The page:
In addition to Moto Voice, you also get Amazon’s Alexa AI on the Moto X4. This is a more complex and complete solution than Moto Voice, offering control over your smart home goodies as well as all kinds of handy features. Check out our Alexa tips and tricks guide to see what she’s capable of.

What works?

Vanilla Android, topped with lots of useful Moto bonus features to help with everyday use.

What doesn’t?

We’re not quite sure why Oreo isn’t already on board, although we shouldn’t have long to wait before Motorola updates the OS.

Motorola Moto X4 review: Performance and battery life

Performance is one of the few Achilles Heel areas of the Moto X4, sadly. While the Honor 9 boasts a premium Kirin 960 processor for a nippy experience no matter what you’re up to, this Moto handset makes do with a more basic Snapdragon 630 processor. You do get 3GB of RAM at least, yet you’ll still notice some stutter and slowdown here and there.

All the same, this smartphone rarely frustrates and can happily blast through the latest fast-paced games without complaint.

As for battery life, we can’t grumble there. The 3000mAh cell keeps you going all day even with quite a lot of use, while we often made it through the morning commute the following day before the battery was finally drained.

Even better, Motorola’s TurboPower charging tech means you’ll get close to full power with just an hour at the plug. You charge the Moto X4 back up using a Type-C USB cable, which is fully reversible and offers pleasingly nippy data transfer when connected to a computer.

What works?

Dependable battery life and quick recharge times means you shouldn’t be left with a dead phone at any point.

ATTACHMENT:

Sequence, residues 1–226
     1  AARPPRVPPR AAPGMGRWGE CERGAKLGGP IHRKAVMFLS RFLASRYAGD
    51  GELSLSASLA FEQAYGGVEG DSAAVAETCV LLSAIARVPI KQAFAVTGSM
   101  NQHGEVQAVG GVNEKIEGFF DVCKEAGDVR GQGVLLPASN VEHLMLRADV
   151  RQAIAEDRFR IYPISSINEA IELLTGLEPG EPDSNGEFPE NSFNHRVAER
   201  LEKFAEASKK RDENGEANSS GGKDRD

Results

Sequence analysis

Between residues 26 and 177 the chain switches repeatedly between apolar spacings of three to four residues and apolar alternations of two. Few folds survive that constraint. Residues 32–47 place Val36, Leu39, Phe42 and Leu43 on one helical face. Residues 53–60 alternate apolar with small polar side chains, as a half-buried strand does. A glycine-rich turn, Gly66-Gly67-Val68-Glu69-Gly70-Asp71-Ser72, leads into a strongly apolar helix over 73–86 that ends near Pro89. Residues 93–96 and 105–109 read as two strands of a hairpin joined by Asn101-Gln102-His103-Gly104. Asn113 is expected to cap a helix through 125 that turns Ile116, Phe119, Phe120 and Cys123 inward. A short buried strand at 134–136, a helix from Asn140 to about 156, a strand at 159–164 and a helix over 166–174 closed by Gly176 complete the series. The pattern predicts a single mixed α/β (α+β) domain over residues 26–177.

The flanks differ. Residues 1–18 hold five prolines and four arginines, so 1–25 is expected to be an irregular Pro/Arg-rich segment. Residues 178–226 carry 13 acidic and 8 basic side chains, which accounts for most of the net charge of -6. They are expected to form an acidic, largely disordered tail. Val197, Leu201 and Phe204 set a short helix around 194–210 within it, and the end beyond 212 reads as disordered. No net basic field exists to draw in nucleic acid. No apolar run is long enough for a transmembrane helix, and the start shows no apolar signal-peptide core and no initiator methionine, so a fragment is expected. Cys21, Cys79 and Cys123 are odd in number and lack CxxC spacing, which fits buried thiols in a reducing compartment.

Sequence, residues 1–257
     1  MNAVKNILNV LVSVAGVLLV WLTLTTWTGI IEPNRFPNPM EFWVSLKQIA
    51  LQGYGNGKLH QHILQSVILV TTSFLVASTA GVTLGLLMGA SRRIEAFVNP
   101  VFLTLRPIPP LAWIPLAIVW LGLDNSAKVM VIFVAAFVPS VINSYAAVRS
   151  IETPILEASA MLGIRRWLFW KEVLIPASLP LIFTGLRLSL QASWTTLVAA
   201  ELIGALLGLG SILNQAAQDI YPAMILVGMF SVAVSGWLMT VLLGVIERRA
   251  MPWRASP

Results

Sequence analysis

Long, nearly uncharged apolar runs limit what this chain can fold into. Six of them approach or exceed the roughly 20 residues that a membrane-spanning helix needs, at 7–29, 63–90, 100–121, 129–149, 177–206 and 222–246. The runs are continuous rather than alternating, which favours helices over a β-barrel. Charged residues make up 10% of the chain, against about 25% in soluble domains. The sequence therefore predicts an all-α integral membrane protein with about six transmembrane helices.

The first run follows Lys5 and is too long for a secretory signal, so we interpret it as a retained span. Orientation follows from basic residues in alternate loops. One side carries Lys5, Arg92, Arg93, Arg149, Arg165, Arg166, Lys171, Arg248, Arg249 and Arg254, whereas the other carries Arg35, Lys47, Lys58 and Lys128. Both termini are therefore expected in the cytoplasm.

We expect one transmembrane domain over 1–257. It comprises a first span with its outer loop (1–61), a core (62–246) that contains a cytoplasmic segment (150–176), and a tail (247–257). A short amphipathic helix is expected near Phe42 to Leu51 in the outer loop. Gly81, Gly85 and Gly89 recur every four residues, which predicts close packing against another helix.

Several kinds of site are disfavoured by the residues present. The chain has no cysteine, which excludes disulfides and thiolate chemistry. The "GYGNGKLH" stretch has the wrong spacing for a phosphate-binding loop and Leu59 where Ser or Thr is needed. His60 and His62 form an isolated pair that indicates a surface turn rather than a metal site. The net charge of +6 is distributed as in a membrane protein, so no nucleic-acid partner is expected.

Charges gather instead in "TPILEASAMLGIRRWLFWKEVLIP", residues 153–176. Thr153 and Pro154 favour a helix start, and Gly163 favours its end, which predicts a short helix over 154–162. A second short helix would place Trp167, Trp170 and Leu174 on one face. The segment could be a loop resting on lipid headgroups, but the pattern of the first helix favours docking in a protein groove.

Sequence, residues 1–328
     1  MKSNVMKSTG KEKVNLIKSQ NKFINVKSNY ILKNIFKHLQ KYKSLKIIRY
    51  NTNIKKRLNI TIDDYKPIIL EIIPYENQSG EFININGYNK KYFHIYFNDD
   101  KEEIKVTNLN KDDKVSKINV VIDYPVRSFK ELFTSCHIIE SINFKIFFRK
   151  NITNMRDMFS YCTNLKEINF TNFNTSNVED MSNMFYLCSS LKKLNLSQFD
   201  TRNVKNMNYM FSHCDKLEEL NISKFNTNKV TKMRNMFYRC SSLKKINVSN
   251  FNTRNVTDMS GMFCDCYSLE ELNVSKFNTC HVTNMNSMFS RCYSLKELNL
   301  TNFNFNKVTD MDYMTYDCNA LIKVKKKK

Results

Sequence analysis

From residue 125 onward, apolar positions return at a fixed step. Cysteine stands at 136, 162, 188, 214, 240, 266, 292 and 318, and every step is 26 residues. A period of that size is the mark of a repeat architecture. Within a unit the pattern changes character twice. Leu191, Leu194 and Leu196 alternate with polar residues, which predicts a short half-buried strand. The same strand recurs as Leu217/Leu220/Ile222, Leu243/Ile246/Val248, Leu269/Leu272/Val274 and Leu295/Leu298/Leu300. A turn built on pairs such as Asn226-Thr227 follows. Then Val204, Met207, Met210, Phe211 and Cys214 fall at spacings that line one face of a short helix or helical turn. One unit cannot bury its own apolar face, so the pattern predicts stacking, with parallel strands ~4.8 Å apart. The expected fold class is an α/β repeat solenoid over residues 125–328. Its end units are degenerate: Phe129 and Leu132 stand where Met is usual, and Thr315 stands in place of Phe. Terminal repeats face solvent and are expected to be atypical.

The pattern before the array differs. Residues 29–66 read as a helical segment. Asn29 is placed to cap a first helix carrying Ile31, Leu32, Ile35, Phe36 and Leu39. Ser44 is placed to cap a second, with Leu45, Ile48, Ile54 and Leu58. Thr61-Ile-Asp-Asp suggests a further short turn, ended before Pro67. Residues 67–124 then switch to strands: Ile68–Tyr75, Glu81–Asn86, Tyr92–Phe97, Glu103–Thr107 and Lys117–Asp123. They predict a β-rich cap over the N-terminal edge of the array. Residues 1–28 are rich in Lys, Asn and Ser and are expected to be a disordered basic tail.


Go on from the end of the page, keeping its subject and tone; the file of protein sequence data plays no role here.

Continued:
What doesn’t?

Sadly the Moto X4’s performance isn’t too hot, with the occasional stutter and stumble to drag down the overall experience.

Motorola Moto X4 review: Cameras

Although the Moto G5s Plus was Motorola’s first dual lens smartphone camera, the X4 serves up a very different double snapper. On the G5s Plus that secondary shooter seemed rather superfluous, simply offering a bit of depth perception to help your subject stand out against the background. However, the Moto X4 changes things up and you now have an 8-megapixel wide-angle lens that offers a very different viewpoint.

You also get lots more bonus camera modes with this X series handset, including the now almost obligatory AR masks mode. This can morph you into a unicorn, astronaut or cat, if that’s your bag. More useful is the 4K video recording, while you can also use that wide-angle lens to shoot up to 60 frames-per-second Full HD footage.

Sadly the Moto X4 camera isn’t quite as good as we’d hoped. The video capture is flawed, while imperfect conditions can pose a problem. For all you need to know, including full photo and video samples, check out our in-depth Moto X4 camera review.

What works?

Up to 4K video recording and a choice of standard or wide-angle views makes for some solid mid-range optics.

What doesn’t?

Video recording sadly iffy at 60 frames-per-second, while low light performance suffers.

Motorola Moto X4 review: Verdict

Motorola’s X series smartphones are back, with enough of a bang to make us glad for their return.

While the Moto G5s and G5s Plus offer strong value for money, the Moto X4 delivers plenty of worthy extras - including full water resistance and some useful software features - to make an upgrade worth considering. That said, the Moto Z2 Play is only a little more expensive, and boasts full support for those lovely Moto Mods accessories.

Key Specs

  • 5.2-inches
  • 1920x1080
  • 152g
  • Android 7.1.1
  • 12MP + 8MP wide angle
  • 16MP + LED flash
  • Snapdragon 630
  • 3GB
  • 32GB + microSD
  • Yes
  • Fingerprint sensor, Alexa